Cyanoramphus forbesi Rothschild, 1893
Other names: Chatham Island yellow-crowned parakeet, Forbes parakeet, Forbe's parakeet, Forbes's parakeet
Geographical variation: Previously considered a subspecies of yellow-crowned parakeet. Genetic comparisons revealed that Forbes’ parakeets are derived from ancestral stock, and are equally close (or distant) to both red-crowned and yellow-crowned parakeets.
Forbes’ parakeets are one of two bright green, medium-sized parrots of the Chatham Islands. Although they appear very similar to the yellow-crowned parakeet of mainland New Zealand, crown colour is not a reliable indicator of taxonomic relationships. Forbes’ parakeets are believed to be descended from an ancient parakeet lineage that reached the Chatham Islands before the red-crowned/yellow-crowned split occurred on mainland New Zealand, after which red-crowned parakeets subsequently colonised the Chatham Islands also. Formerly found throughout the Chatham Islands, Forbes’ parakeets are now restricted to Mangere and Little Mangere Islands. Here, they are abundant, but were threatened through large-scale hybridisation with Chatham Island red-crowned parakeets. Hybrids currently comprise less than 10% of the Mangere Island parakeet population, and this proportion is closely monitored by the Department of Conservation.
Forbes’ parakeets are medium-sized, long-tailed parrots with broad, rounded wings and predominantly emerald green plumage. They have a bright yellow fore-crown and a crimson frontal band that does not extend to the eye (cf. red-crowned parakeet). Males are larger than females.
Voice: characteristic chatter, with variety of softer tur-tur-tur calls; similar to other Cyanoramphus parakeet species.
Similar species: Forbes’ parakeets have similar plumage to the smaller yellow-crowned parakeet, which does not occur on the Chatham Islands. Crown colouration is the only reliable diagnostic feature distinguishing Forbes’ parakeets (bright yellow) and Chatham Island red-crowned parakeets (red). Forbes’ parakeet is the predominant species on Mangere Island, with red-crowned parakeets comprising less than 5% of the population. Hybrid birds exhibit a continuum of crown colouration between the two species. Careful visual inspection of crown and head colouration is required to separate hybrid birds from Forbes’ parakeets, with assessment of whether the red frontal band extends to the eye (hybrid) or not (Forbes’) considered a diagnostic character.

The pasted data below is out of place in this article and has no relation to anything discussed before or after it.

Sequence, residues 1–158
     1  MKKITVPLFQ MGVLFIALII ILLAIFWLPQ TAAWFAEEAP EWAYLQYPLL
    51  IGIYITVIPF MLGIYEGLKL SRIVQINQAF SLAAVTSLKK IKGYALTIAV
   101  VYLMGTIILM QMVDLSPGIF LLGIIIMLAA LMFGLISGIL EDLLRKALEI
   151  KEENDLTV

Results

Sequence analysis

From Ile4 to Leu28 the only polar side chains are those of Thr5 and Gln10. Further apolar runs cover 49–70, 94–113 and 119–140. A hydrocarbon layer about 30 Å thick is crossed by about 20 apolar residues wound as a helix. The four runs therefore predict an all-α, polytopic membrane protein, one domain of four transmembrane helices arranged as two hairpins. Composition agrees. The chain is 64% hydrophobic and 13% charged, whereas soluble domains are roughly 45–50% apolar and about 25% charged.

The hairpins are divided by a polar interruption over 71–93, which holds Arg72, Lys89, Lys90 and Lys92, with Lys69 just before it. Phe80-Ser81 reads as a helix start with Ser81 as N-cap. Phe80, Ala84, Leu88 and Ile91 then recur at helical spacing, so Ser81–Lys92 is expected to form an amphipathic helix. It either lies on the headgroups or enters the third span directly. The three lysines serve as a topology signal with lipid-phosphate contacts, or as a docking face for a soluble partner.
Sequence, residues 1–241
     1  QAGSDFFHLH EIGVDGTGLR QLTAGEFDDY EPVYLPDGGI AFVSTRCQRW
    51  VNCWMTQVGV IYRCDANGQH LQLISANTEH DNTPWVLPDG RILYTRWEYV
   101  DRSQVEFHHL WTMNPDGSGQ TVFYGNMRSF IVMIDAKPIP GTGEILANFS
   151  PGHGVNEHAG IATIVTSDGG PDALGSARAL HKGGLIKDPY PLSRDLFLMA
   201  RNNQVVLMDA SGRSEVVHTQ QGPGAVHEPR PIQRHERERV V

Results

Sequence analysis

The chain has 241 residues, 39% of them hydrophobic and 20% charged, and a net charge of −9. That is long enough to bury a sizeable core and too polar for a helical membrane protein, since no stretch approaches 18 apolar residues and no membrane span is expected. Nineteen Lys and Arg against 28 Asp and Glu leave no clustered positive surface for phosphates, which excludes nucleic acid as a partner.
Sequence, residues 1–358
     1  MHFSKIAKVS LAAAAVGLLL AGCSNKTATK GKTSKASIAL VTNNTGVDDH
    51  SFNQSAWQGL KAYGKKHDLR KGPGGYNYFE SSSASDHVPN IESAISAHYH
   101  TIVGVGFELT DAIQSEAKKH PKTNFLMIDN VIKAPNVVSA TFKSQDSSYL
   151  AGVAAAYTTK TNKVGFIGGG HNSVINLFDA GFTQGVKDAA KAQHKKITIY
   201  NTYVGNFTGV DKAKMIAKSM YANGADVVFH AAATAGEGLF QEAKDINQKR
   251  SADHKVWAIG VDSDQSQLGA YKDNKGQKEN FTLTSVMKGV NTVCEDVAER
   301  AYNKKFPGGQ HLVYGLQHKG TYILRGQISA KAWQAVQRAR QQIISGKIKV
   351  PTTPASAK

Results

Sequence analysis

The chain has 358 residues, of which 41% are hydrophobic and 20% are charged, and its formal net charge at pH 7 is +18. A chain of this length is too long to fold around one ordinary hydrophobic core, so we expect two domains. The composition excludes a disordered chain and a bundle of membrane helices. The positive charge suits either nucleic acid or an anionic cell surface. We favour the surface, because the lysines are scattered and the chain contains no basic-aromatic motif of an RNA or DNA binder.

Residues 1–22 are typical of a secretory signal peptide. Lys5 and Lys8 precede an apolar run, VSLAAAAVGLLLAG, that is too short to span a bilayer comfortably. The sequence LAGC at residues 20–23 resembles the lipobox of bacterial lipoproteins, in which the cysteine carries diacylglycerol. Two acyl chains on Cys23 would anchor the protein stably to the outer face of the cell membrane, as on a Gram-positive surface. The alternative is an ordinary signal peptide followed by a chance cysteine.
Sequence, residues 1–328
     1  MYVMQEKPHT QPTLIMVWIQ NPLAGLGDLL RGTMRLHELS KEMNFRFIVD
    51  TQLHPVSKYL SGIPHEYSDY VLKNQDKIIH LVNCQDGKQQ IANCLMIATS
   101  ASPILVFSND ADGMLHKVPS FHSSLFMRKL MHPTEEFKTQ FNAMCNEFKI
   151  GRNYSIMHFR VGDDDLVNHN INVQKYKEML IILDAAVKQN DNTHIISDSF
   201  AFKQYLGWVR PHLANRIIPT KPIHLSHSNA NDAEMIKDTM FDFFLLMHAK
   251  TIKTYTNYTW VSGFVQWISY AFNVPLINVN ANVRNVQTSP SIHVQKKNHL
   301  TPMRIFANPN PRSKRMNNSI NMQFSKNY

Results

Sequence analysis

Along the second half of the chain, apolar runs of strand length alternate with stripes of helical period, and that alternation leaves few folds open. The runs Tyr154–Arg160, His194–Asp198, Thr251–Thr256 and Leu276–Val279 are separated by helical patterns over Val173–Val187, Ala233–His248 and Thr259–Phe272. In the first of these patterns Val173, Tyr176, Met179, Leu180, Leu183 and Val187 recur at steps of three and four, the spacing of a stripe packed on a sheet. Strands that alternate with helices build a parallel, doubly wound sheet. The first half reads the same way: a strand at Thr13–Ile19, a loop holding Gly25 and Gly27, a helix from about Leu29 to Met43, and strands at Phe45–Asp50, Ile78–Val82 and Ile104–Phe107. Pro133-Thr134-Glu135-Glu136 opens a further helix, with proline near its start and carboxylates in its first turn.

Distribution and habitat
Forbes’ parakeets are presumed to have occurred throughout forested areas of Chatham Islands, but there is no recognised method to distinguish Forbes’ and red-crowned parakeet bones, which is needed to confirm their original distributions. By the time naturalists began visiting the Chatham Islands in the 1840s to 1890s, Forbes’ parakeets were confined to Pitt, Mangere and Little Mangere Islands. They disappeared from Pitt and Mangere Islands about 1890 following forest destruction and introduction of cats to both islands. Fortunately they survived on 10 ha Little Mangere Island, and recolonised the adjacent 131 ha Mangere Island after cats and sheep were eradicated from the larger island. They are currently restricted to densely vegetated areas of Mangere Island and Little Mangere Island although vagrants have appeared occasionally on Pitt and Chatham Islands. Improving habitat quality and quantity and the management of hybridisation have resulted in a significant population increase. Potential sites for translocation to Chatham Island are being considered.
Forbes’ parakeets are common on Mangere Island, where the parakeet population is estimated at 1,000 birds. Forbes’ parakeets comprise in excess of 90% of this total, with the remainder being Chatham Island red-crowned parakeets and hybrids. Forbes’ parakeets are also present on Little Mangere Island, with birds regularly commuting between the two islands.
Threats and conservation